26 Jan 2023
Savannah offers one of the best St. Patrick’s Day celebrations this side of the Atlantic Ocean. Tens of thousands of visitors activities that paint the town green throughout the month. It’s the country’s second-largest St. Paddy’s celebration, and the largest in the South.
Events start early with the March of Dimes Shamrock Run on March 3, an annual St. Patrick’s themed race in downtown Savannah.
The Greening of the Fountain in Forsyth Park takes place at 4 p.m. on Friday, March 10, and the water flows green throughout the celebration. The fountain is one of the most iconic landmarks in Savannah.
On the Sunday before St. Patrick’s Day, March 12, the Celtic Cross Mass and Procession take place at Cathedral Basilica of St. John the Baptist, honoring the Irish immigrants who settled in Savannah. The procession takes place through the Old Fort area of the city ending at Emmett Park for a ceremony and laying of the wreath at a monument that honors those Irish immigrants.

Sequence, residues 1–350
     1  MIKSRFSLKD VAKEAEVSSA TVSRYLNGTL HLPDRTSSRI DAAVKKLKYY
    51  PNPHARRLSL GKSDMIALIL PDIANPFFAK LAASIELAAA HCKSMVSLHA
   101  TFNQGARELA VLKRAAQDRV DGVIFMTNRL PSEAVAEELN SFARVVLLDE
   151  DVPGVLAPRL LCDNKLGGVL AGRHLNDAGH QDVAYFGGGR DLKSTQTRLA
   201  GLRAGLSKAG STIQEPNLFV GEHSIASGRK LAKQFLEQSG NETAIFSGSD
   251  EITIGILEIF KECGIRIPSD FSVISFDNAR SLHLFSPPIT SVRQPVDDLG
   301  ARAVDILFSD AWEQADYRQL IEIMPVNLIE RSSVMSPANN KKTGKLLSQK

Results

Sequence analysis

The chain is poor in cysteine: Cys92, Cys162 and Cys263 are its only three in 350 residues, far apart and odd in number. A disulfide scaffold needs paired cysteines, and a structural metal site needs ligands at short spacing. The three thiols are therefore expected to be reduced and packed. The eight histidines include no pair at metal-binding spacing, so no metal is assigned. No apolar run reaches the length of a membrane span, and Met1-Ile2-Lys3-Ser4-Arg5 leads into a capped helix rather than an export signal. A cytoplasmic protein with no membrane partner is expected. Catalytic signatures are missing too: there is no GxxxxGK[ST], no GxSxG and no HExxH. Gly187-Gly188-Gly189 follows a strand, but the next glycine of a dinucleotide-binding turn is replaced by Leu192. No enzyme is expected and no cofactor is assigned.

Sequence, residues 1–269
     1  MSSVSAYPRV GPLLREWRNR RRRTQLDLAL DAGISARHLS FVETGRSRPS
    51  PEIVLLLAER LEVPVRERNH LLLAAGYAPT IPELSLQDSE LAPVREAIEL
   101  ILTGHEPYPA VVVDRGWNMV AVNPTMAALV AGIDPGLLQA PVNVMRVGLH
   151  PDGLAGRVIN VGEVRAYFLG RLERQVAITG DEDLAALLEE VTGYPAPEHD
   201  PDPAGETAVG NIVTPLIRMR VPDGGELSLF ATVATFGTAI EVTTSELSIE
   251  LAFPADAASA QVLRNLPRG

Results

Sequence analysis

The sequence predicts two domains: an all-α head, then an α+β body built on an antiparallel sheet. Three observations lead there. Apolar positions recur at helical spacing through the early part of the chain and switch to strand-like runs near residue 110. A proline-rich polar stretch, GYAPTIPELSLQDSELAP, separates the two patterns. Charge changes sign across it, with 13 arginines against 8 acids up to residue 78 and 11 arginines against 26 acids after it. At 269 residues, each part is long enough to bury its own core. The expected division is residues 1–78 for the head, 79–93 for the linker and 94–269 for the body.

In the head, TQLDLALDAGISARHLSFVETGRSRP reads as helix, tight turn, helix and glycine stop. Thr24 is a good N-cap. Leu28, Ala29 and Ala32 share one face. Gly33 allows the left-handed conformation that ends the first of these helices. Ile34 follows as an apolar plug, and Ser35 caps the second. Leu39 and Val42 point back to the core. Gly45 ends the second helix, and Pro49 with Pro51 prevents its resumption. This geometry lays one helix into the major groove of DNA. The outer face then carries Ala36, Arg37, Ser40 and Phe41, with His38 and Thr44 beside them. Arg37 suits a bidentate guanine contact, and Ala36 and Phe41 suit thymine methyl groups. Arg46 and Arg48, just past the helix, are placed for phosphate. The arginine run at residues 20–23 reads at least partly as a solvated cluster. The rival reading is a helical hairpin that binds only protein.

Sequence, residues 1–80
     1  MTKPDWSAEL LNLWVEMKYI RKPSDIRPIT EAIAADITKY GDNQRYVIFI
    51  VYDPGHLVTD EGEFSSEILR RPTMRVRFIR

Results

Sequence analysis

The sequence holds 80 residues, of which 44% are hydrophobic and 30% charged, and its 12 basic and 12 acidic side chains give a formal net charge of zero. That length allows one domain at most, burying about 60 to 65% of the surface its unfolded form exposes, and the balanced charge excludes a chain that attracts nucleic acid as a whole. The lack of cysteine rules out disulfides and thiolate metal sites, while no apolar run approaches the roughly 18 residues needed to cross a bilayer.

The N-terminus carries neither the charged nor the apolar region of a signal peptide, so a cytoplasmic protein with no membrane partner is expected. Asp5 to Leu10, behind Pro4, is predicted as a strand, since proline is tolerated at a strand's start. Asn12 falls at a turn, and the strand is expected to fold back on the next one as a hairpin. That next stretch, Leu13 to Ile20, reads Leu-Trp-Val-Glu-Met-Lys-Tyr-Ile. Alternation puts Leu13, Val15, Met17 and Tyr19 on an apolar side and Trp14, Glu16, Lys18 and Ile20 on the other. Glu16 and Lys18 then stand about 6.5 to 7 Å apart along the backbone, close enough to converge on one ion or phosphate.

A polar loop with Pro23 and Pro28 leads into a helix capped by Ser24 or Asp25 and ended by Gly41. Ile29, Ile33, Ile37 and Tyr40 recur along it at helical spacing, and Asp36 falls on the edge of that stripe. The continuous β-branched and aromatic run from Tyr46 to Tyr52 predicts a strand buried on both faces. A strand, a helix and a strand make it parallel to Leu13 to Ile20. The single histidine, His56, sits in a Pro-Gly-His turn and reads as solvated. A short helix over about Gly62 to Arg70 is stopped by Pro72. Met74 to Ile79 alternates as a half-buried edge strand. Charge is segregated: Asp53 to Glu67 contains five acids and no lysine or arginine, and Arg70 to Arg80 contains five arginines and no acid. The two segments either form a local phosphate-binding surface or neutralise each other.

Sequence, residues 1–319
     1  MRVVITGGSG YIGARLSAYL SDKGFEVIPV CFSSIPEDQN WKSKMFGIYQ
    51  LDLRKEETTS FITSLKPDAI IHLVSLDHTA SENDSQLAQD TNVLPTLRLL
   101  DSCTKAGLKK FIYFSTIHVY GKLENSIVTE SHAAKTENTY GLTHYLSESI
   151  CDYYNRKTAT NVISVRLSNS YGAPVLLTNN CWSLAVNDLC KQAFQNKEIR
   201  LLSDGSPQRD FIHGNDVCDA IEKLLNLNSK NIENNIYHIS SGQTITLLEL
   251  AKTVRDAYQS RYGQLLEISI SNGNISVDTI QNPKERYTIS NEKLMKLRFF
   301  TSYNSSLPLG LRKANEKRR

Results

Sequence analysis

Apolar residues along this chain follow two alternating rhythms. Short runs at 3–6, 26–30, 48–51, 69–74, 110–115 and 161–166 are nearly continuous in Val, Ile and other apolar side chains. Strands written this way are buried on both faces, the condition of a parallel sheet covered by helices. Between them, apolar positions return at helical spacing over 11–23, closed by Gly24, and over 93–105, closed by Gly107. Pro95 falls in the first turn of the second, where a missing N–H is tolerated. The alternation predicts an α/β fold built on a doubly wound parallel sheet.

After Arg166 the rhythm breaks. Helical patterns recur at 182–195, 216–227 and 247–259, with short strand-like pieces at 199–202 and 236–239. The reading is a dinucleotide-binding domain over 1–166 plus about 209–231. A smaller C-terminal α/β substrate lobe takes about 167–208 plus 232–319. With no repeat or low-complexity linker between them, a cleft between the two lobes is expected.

The Sgt. William Jasper Green Parade takes place the day before St. Patrick’s Day at Madison Square to honor military. The parade begins at 4 p.m. at Johnson Square followed by a ceremony at Madison Square, where a monument honors Jasper and the men in the Irish Jasper Greens, a Savannah military unit named in his honor in 1842.
The Big Day, Friday, March 17, starts with the Feast Day Mass of St. Patrick, also at Cathedral Basilica of St. John the Baptist. Then, residents and visitors crowd the streets, dressed in their finest green for the main event as the St. Patrick’s Day Parade winds through downtown squares. The parade starts at 10:15 a.m. at the intersection of Abercorn and Gwinnett and ends at Bull and Liberty.
And how did Savannah come to have such a large Irish celebration? Irish began arriving in Savannah in 1734, and at least nine of the first Georgia colonists granted land were Irish. But the real rush began in the 1830s and 40s, when Georgia’s growth brought a large influx of Irishmen to build canals and railroads. When the potato famine began in 1845, more Irish workers came. They settled in neighborhoods like Frogtown, Yamacraw and Old Fort.
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